If we had to describe the European country of Montenegro with only two words, those words are undoubtedly: "mountain” and “sea”.
But how would you really characterize Montenegro? This young European
country is also creased by deep canyons and vast valleys, crossed by
pure rivers and marked by deep and transparent lakes. Relic caves open
upon virgin forests. Ancient cities coexist with new ones. Age-worn
churches welcome cordial and hospitable people to their weathered
We search for analogies to apply to Montenegro. Outwardly, and due to the country’s history, we are instantly reminded of Crimea, and thus something about modern-day Montenegro also serves to remind a Russian person about how a lost paradise can be found again.
With its rough and slightly lacerated outlines, one can not help but remember that one regional difference that defines the Crimean peninsula as distinct lies in the effects of natural factors and historic cataclysms that have helped define its borders: the lowering and rising of the sea floor, earthquakes and volcanic eruptions. Finally, the human factor has also influenced the delimitation of Montenegro’s borders as they correspond to victories and defeats in wars which were conducted by Montenegrin heroes, remembered by local poets and undoubtedly present in the population of these ancient Montenegrin towns throughout the country's long history.
Sebastopol and the adjoining bay serve as smaller copies of the Boka of Kotor, which is often considered to be “Europe's Southernmost Fjord”. However, it is in fact a submerged river canyon which was flooded by the sea and the Bokelj River which in time immemorial ran from the plateaus of Mount Orjen, now lies submerged along the ocean depths.
The Eastern and the Western Roman Empires competed for the Crimean peninsula and then also the Ottomans sought to control the area. Final relics of this turbulent past remain in the remnants of old civilazations, even those of the Celts or the Greeks, which can be traced from time immortal. Sebastopol, the capital of Crimea has now been replaced by Podgorica, from where the railway and other connections to the Montenegrin interior run endlessly reminding the world that a small country exists, seemingly forgotten at times, on the Western shore of the Balkans.
Yalta is like Budva or Herceg Novi. Herceg Novi, the most northerly city along Montenegro’s Adriatic coastline, was easily defended from the north due to the Orjen hills, which not even the northern winds can penetrate. This creates a unique microclimate which is exellent for growing exotic plants from all corners of the world.
Budva – a city on the coast and portal to the high seas, lays opposite to the island of Sv. Nikola, which from atop a jet ski or boat will remind you of a floating ancient pangolin. Around Budva, the coast is often referred to as the Budvanska rivijera, and is the centre of Montenegro's tourism. This Riviera is well known for its sandy beaches, intensely rewarding cultural activities and nightlife. With over 330,000 holiday guests in the 2007 summer season, Budva is the most popular tourist destination in Montenegro. Jaz beach which is 2.5 km (1.6 miles) away from Budva in the direction of Tivat, is a protected natural heritage site and world-famous for its cultural events and concerts. Jaz recently hosted a Rolling Stones concert on July 9th, 2007, while most recently, Madonna staged a show at the same venue on September 25th, 2008. An amazing 60,000 spectators watched her show.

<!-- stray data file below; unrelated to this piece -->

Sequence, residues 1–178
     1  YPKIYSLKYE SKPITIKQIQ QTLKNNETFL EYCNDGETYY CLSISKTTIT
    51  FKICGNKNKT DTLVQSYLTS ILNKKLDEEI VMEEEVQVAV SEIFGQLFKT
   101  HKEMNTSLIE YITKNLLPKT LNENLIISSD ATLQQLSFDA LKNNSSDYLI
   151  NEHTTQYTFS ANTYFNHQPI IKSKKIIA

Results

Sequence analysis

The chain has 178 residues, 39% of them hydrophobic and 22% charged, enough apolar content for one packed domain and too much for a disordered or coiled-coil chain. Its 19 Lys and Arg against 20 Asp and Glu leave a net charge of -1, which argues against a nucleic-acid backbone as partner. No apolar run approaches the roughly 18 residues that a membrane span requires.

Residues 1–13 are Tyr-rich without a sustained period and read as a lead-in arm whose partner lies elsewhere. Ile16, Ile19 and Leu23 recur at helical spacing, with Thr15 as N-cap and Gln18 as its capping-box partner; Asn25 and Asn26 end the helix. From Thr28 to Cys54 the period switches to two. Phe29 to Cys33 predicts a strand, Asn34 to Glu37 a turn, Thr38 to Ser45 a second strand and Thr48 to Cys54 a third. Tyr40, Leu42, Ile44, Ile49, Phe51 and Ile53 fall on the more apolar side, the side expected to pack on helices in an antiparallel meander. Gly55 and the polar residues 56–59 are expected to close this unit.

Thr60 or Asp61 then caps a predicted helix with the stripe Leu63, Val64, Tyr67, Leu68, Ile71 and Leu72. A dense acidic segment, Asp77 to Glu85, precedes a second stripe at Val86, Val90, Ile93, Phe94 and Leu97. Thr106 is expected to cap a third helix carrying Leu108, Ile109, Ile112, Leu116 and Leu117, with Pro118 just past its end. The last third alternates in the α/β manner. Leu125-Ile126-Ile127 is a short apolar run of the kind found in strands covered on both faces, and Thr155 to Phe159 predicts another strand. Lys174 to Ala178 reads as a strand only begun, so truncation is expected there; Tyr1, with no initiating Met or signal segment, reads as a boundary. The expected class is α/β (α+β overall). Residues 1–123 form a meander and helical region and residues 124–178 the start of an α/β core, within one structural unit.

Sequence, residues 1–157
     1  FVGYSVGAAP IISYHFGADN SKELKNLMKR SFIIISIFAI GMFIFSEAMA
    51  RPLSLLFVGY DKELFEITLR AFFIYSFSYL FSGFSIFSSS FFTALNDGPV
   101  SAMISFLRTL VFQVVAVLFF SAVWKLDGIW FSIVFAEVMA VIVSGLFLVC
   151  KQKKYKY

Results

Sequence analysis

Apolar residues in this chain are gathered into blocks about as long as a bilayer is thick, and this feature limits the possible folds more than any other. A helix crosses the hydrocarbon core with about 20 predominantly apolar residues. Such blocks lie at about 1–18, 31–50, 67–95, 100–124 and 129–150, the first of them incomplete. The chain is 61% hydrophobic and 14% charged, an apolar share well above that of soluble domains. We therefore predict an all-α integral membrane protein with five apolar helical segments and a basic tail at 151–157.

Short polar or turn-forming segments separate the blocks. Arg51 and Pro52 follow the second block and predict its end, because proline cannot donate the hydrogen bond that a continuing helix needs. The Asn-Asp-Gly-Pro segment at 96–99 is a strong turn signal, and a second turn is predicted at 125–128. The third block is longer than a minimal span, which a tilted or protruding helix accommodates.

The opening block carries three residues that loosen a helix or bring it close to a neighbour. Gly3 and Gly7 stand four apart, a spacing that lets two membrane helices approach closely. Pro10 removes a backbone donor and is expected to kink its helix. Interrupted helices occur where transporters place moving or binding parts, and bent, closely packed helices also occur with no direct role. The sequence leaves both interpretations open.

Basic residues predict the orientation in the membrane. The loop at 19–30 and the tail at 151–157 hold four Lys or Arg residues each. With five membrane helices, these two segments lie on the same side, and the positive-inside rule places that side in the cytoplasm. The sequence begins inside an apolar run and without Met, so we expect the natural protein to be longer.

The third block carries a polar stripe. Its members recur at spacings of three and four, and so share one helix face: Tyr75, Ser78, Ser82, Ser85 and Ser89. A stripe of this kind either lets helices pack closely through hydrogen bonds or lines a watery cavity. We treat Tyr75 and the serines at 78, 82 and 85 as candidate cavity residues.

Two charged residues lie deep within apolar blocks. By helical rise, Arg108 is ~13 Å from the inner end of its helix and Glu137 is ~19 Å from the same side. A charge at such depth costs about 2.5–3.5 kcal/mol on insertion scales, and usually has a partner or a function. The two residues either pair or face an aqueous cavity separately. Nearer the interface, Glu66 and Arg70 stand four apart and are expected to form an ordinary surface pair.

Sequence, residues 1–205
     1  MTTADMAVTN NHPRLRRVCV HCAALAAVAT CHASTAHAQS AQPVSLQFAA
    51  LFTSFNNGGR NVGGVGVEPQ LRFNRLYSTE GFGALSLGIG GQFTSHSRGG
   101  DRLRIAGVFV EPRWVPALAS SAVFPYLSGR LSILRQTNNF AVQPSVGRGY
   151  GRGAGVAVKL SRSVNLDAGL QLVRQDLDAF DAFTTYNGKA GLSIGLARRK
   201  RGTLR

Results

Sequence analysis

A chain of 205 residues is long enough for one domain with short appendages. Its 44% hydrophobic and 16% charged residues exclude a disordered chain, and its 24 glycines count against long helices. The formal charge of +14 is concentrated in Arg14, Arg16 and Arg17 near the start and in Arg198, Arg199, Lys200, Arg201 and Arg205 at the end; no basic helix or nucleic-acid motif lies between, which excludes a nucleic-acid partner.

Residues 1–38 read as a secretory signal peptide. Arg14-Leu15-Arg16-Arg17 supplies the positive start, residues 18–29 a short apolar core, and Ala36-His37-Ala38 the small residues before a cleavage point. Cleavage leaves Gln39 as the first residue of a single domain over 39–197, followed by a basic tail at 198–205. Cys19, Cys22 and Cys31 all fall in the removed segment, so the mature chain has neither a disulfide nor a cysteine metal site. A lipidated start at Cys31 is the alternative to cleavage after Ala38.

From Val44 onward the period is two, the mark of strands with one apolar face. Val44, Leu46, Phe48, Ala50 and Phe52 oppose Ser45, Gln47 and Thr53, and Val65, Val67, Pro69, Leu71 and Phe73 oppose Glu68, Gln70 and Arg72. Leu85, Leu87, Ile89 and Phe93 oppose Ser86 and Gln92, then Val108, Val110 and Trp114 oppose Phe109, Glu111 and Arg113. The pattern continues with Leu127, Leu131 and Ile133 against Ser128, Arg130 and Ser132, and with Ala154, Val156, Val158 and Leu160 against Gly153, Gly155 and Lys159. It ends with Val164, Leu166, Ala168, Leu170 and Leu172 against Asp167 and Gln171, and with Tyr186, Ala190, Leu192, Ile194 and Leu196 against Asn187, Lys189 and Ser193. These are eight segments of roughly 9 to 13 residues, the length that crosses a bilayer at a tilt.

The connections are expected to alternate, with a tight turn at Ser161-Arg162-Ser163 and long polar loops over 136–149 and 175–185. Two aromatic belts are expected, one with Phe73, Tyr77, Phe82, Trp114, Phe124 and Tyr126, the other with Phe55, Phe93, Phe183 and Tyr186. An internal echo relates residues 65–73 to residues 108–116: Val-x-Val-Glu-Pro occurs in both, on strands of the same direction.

Aged and stoic, Feodosiya draws comparisons to Kotor or Bar’s sea port.
NOTE: Bar, which is also the capital of Montenegro’s coastal trade, it is possibe to arrive here on the ferry which leaves the Italian coast from the Western-Adriactic coast’s Italian city of Bari.
Along Montenegro’s coast, Primorje and Boka were both places where various cultures and civilizations came together. Each city here has a long history, and each city’s story is unique and unlike any other. Kotor on the Bay of Kotor, was perhaps the capital of ancient seafarers living along the Montenegrin coast and is the most occidental of these coastal towns. Between 1420 and 1797, Kotor and its surrounding area were under the rule of the Republic of Venice. The Venetian influence remains dominant among the architectural wonders that abound in Kotor.
Another great contributor to Montenegro’s importancs as a destination for top seafarers, lies the city of Perast, where in 1698 a group of 17 young men from Russia where sent by Peter the Great himself to learn navigation skills. They studied in the nautical school of famous and experienced seafarer Mark Martinovic. This tradition of sending world-class sailors to Montenegro seems now to be resumed as people from all walks of life come to sail in Montenegro.
Summer events near Kotor Bay, such as the Summer Carnival (or Bokeljska Noć), are visited by thousands of tourists yearly. Nightlife is another thing which attracts tourists to Kotor. The Old Town is filled with pubs, taverns and cafes. The islands of Sveti Đorđe and Gospa od Škrpijela lay a stone’s-throw away from Perast, and are among the most popular destinations in Kotor vicinity.
Ultcinj was recaptured from the Ottomans by Montenegrin forces fighting for independence nearly one hundred and thirty years ago and is perhaps the most oriental of Kotor’s cities. Ulticinj is most famous for its beaches, among which Velikiy Plaz (Great Beach) is the longest at 13 km (8 miles).
Written by: Igor Kossich